People get puppies for all sorts of reasons, but as with every decision people make in their lives, they may not have thought this through enough, which may lead to regret after going through with it.
People tend to oversimplify the responsibilities and cost of raising a puppy and jump at the decision without proper research or understanding of how things are done.
This is among the most common reasons new dog owners regret getting a puppy. As a result, finances suffer, and more time than expected is dedicated to taking care of the little pup.
Adjusting to changes
Taking in a pup will significantly affect your daily routine, especially if you’re the only one tasked with pup responsibilities.
The first few weeks may be chaotic because your pup is still trying to settle in. They would infringe on your space and time or disrupt daily habits or activities.
This may make you reconsider many things, especially whether you actually need a puppy. New parents don’t prepare adequately for this, making them regret their choices.
Sure, maybe you now decide that you don’t need a puppy; but the point is that your puppy needs you.
Demand on your attention and freedom
Another essential thing new dog parents may not have considered is the extent to which their dogs, especially when little, require a lot of attention.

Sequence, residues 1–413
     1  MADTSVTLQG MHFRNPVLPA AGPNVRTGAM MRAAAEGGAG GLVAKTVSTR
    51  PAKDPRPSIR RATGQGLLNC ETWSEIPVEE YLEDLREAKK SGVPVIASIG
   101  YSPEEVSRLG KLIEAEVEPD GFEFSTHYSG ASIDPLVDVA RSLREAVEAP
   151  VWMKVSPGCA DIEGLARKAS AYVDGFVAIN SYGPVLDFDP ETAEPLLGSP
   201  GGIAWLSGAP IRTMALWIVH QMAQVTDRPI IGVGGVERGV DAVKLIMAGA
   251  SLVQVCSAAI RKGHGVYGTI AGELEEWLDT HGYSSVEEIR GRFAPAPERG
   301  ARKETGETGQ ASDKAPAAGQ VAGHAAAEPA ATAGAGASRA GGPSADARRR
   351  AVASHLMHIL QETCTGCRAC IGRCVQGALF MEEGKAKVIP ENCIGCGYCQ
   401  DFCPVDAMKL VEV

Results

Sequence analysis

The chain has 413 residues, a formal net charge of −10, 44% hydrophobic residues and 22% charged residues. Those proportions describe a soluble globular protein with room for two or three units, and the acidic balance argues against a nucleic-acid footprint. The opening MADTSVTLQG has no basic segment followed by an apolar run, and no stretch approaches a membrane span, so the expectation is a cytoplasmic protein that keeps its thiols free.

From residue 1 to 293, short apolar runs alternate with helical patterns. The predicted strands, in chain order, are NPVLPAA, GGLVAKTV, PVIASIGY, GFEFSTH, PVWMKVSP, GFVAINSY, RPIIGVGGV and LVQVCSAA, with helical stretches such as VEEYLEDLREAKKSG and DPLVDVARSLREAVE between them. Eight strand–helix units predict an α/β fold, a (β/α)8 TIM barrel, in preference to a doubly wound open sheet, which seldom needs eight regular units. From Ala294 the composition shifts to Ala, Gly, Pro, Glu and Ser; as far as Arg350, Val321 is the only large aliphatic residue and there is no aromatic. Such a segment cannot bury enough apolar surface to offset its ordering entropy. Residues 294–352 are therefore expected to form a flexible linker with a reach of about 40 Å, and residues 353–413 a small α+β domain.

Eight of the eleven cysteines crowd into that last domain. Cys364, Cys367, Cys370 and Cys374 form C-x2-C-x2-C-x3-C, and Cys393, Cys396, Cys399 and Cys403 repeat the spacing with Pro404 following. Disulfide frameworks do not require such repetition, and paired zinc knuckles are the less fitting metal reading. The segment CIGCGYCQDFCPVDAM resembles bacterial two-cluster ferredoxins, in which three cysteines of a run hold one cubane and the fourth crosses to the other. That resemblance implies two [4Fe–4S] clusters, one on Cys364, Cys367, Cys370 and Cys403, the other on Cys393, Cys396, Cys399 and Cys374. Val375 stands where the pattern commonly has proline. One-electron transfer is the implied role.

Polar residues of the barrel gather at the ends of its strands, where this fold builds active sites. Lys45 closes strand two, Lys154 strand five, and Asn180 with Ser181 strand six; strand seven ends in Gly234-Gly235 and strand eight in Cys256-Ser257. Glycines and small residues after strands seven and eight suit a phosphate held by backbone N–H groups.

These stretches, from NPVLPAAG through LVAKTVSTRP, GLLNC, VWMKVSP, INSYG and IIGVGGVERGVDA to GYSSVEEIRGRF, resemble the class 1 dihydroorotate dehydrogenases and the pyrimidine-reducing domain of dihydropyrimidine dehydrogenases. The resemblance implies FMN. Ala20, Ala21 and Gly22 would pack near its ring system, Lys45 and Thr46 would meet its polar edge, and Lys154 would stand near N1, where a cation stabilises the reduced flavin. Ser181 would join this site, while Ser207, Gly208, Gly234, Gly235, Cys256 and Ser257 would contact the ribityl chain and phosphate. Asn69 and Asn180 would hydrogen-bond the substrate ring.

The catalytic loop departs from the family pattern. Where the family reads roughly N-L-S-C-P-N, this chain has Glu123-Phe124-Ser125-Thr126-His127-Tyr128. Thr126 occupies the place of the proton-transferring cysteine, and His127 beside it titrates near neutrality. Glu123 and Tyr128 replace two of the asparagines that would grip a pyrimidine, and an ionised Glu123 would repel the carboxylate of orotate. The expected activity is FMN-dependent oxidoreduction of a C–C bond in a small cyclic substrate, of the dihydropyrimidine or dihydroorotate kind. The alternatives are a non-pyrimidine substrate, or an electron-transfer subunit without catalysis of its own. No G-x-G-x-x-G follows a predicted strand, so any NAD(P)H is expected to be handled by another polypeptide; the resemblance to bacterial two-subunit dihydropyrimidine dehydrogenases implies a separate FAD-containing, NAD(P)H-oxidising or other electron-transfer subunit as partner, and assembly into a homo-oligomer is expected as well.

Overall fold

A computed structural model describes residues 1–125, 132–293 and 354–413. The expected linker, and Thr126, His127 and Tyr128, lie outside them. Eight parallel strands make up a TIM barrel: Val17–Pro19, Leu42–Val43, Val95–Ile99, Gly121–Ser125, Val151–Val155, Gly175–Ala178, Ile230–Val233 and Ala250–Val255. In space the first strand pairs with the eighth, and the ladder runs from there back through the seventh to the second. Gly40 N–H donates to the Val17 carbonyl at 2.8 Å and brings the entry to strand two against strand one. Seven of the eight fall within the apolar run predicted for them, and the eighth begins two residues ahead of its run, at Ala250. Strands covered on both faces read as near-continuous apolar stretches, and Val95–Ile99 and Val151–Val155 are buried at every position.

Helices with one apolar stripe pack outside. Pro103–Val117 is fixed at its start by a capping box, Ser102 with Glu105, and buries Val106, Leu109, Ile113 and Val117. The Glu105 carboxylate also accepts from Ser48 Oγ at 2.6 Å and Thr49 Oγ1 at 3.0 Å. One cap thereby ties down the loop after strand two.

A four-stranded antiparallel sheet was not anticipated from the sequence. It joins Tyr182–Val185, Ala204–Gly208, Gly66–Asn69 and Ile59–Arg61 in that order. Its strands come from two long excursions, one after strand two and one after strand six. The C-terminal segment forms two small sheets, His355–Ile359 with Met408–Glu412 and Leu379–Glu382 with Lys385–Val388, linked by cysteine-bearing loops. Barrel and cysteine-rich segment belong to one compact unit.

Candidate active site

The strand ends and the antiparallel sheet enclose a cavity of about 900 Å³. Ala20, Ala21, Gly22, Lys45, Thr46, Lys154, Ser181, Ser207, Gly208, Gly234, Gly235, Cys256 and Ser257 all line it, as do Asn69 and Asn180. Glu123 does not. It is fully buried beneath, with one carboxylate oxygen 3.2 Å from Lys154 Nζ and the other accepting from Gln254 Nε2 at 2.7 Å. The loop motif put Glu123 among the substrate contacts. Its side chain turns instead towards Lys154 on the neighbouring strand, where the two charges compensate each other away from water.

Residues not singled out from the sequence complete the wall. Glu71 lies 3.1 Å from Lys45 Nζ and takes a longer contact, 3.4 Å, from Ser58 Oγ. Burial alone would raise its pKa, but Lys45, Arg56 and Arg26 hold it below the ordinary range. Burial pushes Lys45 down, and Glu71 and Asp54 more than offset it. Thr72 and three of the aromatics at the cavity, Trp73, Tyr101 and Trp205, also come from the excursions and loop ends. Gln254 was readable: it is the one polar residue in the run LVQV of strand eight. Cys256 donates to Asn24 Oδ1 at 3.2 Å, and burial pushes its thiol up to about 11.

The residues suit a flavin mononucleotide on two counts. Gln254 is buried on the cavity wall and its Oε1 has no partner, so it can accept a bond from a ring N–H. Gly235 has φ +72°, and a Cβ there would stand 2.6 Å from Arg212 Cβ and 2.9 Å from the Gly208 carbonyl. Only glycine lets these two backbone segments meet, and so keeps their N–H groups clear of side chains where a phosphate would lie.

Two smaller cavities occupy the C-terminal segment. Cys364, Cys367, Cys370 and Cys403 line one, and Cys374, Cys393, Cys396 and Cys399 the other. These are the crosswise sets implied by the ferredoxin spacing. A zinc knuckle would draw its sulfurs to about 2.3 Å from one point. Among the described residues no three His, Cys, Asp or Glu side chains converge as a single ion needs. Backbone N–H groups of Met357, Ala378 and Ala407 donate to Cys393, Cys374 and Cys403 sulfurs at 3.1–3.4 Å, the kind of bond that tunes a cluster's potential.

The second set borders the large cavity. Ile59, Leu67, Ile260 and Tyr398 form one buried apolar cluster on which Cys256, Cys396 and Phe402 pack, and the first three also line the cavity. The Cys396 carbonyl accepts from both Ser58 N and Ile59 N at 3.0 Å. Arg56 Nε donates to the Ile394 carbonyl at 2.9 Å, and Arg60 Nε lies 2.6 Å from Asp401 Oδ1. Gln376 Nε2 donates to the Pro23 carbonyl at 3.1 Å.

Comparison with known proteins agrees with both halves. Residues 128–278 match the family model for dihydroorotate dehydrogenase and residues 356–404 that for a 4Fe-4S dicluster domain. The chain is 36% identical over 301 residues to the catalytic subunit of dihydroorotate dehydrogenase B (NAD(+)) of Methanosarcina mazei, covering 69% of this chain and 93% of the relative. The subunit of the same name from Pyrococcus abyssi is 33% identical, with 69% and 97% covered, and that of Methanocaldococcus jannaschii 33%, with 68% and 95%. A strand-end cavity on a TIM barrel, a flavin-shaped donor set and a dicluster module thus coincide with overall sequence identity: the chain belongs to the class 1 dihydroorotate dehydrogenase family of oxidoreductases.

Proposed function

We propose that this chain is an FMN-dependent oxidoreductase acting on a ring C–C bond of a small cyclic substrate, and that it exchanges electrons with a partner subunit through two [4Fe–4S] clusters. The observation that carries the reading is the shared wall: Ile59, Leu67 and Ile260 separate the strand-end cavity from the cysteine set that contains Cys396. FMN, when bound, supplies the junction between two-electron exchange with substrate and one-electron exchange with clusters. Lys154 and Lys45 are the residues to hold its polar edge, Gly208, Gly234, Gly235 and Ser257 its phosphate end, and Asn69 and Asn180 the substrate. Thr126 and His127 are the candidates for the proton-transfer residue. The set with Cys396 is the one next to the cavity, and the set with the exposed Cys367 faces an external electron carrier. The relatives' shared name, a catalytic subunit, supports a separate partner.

The interesting thing about it is that this attribute of seeking attention is relative, so it’s difficult to tell to what degree dogs can go just to get their owner’s attention.
But one thing is certain; it is natural for every dog to desire so much of your time and space.
In hindsight, some new parents get puppies without first considering their environment, the kind of neighborhood they stay in, or family preferences.
Getting this wrong may make it more challenging to go through the first few weeks with your pup.
To adequately care for a dog and enjoy doing so, you must first ensure they feed and sleep well. Next, you must also ensure they are getting enough exercise, playtime, or sufficient space to roam and play while being careful to avoid separation anxiety.
Four ways to tell you’ve got puppy blues
Puppy blues is most common in new or first-time dog parents. It is the constant state of feeling overwhelmed, angry, frustrated, anxious, and regretful after taking in a new pup.
It is very common for pet owners to feel this way, and there is no telling how long these feelings last. How can you tell you’ve got puppy blues?
Symptoms of anxiety
The severity of these feelings and how long they last vary from person to person. The most obvious symptoms include a general feeling of annoyance, frustration, anger, and resentment concerning anything that has to do with your pup.
However, note that the general feeling of frustration does not just signal that a person has puppy blues, but when these feelings begin to take a toll on one’s mental or emotional well-being, then it becomes a cause for concern.